Beyoglu Neighborhood in Istanbul
Credit: LOOK/Getty Images

Historically settled by foreign envoys and non-Muslim minorities, Beyoğlu (formerly Pera) has always been Istanbul’s cosmopolitan heart. After flourishing at the turn of the 20th century, the neighborhood floundered in the 1980’s, but now reigns again as the city’s creative Western-minded dining and entertainment quarter. Best savored by staying at one of its trendy hotels, Beyoğlu is actually an eclectic patchwork of sub-quarters. Here’s a jumping off point to begin further exploration in one of Istanbul’s most atmospheric neighborhoods.

Soho House Istanbul

No hotel quite captures the energy of Istanbul quite like the Soho House in Beyoğlu, set in a cluster of buildings that includes the former American Embassy. The inlaid wood and gilded interiors had been hiding under drywall and white paint; now, they embellish a private club for members and hotel guests, with three restaurants, a speakeasy-style bar, and a rooftop pool, where a glittering crowd smokes and air-kisses into the night. The rooms, in a new structure across a pretty courtyard, impress on their own: warm, tactile cocoons of dark wood layered with beautiful textiles. Think of them as a necessary respite from the formidable chic next door, so close and yet so far.


Hayvore, which specializes in dishes from Turkey's Black Sea coast, sits just off the pedestrian thoroughfare Istiklal Caddesi. You’ll recognize a strong American Southern inspiration: corn bread, sturdy leafy greens (collard-green-like “black cabbage” shines in a chunky soup with borlotti beans and dried corn), and cornmeal-crusted fried fish. Hayvore's kuru fasulye —Turkey's national dish of dried white beans slowly stewed in tomato sauce — is among Istanbul's best versions. Don't miss dessert, whether it’s a caramelized pumpkin garnished with walnuts or the laz boregi, a pastry-wrapped milk pudding studded with Black Sea hazelnuts that’s doused in syrup.


In 2012, chef Mehmet Gurs reoriented Mikla’s menu away from Europe and introduced dishes highlighting ingredients from Turkey, becoming the progenitor of a culinary movement called New Anatolian. The cuisine has taken Istanbul by storm, with a clutch of chefs updating, refining, or playing off of traditional Anatolian dishes. Gurs still carries the lead, tasking an anthropologist with traveling widely to ferret out small producers and obscure recipes. He then shows them off in dishes like whole-wheat manti with smoked buffalo yogurt and clay-pot-braised lamb stew with cibes (wild lily stems). The presentation may be European, but the flavors at Gurs’s table are true to the Turkish heartland.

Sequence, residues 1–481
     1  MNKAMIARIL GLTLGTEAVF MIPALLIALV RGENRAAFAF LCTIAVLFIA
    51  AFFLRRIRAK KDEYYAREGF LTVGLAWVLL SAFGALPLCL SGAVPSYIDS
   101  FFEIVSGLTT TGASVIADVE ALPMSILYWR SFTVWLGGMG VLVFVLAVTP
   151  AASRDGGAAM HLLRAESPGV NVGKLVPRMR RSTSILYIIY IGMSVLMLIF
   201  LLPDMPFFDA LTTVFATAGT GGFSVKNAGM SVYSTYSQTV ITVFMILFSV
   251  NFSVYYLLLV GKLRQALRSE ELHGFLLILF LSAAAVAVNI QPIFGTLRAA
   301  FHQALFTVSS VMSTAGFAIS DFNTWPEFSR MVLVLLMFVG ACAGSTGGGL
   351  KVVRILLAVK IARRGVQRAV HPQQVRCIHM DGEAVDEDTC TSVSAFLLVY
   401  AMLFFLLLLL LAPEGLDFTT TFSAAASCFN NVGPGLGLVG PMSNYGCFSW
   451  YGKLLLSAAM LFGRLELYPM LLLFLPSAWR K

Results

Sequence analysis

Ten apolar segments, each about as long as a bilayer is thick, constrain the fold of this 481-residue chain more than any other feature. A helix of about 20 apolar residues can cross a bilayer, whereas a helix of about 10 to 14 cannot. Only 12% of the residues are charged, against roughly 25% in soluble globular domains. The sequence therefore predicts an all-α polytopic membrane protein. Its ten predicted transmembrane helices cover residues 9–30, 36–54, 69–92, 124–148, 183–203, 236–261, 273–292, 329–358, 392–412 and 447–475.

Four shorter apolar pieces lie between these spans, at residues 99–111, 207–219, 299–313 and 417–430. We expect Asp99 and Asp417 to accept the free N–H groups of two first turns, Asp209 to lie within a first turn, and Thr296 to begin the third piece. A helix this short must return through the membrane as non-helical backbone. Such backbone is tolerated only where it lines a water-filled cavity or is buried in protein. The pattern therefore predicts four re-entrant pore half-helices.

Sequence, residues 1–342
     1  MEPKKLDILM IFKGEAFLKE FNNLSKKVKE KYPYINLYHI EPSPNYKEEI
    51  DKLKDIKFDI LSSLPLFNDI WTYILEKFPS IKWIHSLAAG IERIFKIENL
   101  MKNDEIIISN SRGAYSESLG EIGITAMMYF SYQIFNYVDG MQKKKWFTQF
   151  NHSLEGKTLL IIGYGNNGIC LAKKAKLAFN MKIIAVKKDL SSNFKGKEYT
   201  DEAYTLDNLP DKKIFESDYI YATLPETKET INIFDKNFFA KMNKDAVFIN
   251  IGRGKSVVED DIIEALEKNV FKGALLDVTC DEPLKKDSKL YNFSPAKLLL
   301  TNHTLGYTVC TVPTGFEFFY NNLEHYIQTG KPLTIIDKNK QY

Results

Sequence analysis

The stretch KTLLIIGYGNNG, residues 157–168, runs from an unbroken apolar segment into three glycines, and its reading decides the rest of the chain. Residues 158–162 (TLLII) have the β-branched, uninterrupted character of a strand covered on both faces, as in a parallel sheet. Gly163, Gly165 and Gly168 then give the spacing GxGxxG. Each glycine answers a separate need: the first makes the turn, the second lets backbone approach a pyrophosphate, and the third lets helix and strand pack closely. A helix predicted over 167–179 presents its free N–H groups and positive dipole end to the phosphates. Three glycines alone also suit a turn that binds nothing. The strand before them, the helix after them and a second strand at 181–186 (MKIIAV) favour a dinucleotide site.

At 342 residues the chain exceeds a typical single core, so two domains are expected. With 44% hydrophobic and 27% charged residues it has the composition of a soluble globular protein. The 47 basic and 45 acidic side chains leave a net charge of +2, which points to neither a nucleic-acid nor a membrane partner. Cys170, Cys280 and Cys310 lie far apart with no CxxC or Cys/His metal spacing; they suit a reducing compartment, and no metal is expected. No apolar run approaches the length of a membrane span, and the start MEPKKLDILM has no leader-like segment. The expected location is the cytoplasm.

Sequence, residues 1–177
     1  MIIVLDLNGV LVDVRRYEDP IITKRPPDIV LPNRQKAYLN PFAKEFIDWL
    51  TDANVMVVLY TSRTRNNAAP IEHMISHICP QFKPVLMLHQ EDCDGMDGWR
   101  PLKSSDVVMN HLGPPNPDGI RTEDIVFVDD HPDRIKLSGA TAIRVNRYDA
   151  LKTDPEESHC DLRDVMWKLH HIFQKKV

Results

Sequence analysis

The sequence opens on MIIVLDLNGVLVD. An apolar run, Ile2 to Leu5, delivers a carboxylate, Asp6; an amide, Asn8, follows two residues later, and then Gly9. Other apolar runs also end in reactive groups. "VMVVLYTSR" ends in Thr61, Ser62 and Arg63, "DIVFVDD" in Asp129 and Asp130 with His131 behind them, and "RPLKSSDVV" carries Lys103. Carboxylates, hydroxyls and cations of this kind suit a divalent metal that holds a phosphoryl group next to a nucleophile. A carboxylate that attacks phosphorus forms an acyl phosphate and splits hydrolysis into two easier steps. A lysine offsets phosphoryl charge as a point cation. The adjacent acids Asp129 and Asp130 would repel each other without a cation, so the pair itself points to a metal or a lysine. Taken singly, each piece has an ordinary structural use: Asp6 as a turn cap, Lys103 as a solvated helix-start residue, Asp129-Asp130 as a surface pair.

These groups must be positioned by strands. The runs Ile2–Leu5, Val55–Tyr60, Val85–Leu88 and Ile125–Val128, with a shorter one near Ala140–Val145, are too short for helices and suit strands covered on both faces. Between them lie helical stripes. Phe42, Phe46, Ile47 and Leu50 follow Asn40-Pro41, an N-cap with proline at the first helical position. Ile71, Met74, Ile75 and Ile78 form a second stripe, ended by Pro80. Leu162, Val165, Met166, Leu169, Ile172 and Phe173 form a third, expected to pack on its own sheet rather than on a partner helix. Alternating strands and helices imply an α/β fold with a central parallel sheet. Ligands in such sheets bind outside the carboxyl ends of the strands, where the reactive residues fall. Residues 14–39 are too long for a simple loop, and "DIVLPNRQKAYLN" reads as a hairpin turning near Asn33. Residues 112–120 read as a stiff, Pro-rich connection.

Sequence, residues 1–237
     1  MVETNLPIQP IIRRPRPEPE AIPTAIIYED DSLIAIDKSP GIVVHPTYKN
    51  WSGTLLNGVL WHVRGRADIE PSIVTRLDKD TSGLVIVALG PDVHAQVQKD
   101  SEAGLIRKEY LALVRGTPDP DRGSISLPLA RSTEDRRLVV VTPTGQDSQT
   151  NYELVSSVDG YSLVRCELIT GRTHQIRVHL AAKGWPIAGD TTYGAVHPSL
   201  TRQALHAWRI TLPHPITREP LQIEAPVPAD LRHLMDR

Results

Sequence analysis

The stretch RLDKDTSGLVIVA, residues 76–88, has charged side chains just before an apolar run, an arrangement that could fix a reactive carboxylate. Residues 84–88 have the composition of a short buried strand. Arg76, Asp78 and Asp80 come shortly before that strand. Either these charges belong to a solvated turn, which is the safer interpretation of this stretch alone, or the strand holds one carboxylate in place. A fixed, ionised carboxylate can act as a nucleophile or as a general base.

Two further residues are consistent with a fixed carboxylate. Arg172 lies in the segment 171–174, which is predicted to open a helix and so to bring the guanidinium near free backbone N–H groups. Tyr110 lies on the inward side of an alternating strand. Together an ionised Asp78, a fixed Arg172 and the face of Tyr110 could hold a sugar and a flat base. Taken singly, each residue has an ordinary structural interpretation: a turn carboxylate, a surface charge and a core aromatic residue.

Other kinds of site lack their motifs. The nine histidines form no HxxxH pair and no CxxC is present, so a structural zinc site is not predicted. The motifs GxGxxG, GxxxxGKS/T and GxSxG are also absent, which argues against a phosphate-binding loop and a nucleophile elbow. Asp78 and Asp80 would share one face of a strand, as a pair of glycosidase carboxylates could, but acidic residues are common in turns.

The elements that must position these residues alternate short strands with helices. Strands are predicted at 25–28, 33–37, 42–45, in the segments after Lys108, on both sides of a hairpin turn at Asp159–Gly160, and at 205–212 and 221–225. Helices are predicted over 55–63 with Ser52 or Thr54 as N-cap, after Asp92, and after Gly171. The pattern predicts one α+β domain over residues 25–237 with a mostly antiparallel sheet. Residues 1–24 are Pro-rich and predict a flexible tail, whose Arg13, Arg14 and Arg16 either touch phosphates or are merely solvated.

Working with fine fabrics and imported buttons, Turkish designers Bahar Gozkun and Kerem Kucukgurel produce two collections a year inspired by the classic Istanbul gentleman. Expect trousers, shorts, shirts, jackets, suits, and overcoats featuring plaids, checks, and composed colored solids. Stop into their self-described street-fashion atelier in the antiques district Cukurcuma, peruse items from the current collections (or a previous one), or the pair will take your measurements for a bespoke version, which will be shipped to your door three weeks later.

Vault Karakoy

Sitting at the border of Beyoğlu and Karakoy, the Vault, a 19th-century former bank, underwent a $40 million restoration before opening as a House Hotel in 2015. The hotel's 63 rooms walk the line between elegant and contemporary with tall arched windows, and frescoed ceilings, and dark-stained wide-plank timber floors. Marble-clad bathrooms house roomy showers — some have tubs for two with a view over the Bosporus of the Old City. The location is ideal: a quick walk over the Galata Bridge will get you to the Old City, it’s a short funicular ride from Beyoglu, and a two-minute trip from Karakoy ferry terminal.